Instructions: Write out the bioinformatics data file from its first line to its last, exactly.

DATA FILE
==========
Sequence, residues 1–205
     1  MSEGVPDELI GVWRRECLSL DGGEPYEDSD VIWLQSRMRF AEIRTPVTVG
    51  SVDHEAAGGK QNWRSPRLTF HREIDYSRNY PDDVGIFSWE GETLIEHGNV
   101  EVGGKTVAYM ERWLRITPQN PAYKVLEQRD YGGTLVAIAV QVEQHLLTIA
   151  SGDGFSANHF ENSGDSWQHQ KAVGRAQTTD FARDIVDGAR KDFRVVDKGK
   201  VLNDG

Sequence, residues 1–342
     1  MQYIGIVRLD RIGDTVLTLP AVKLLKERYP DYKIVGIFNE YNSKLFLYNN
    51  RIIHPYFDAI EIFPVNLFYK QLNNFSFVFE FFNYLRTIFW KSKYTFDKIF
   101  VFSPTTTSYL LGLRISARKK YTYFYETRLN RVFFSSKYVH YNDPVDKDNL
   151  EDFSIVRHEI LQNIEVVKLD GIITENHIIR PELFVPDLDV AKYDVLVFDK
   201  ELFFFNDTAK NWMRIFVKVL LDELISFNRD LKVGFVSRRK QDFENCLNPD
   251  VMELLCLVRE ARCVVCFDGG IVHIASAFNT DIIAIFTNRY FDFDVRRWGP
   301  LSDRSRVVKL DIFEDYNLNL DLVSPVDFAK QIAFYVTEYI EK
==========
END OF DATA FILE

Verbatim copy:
Sequence, residues 1–205
     1  MSEGVPDELI GVWRRECLSL DGGEPYEDSD VIWLQSRMRF AEIRTPVTVG
    51  SVDHEAAGGK QNWRSPRLTF HREIDYSRNY PDDVGIFSWE GETLIEHGNV
   101  EVGGKTVAYM ERWLRITPQN PAYKVLEQRD YGGTLVAIAV QVEQHLLTIA
   151  SGDGFSANHF ENSGDSWQHQ KAVGRAQTTD FARDIVDGAR KDFRVVDKGK
   201  VLNDG

Sequence, residues 1–342
     1  MQYIGIVRLD RIGDTVLTLP AVKLLKERYP DYKIVGIFNE YNSKLFLYNN
    51  RIIHPYFDAI EIFPVNLFYK QLNNFSFVFE FFNYLRTIFW KSKYTFDKIF
   101  VFSPTTTSYL LGLRISARKK YTYFYETRLN RVFFSSKYVH YNDPVDKDNL
   151  EDFSIVRHEI LQNIEVVKLD GIITENHIIR PELFVPDLDV AKYDVLVFDK
   201  ELFFFNDTAK NWMRIFVKVL LDELISFNRD LKVGFVSRRK QDFENCLNPD
   251  VMELLCLVRE ARCVVCFDGG IVHIASAFNT DIIAIFTNRY FDFDVRRWGP
   301  LSDRSRVVKL DIFEDYNLNL DLVSPVDFAK QIAFYVTEYI EK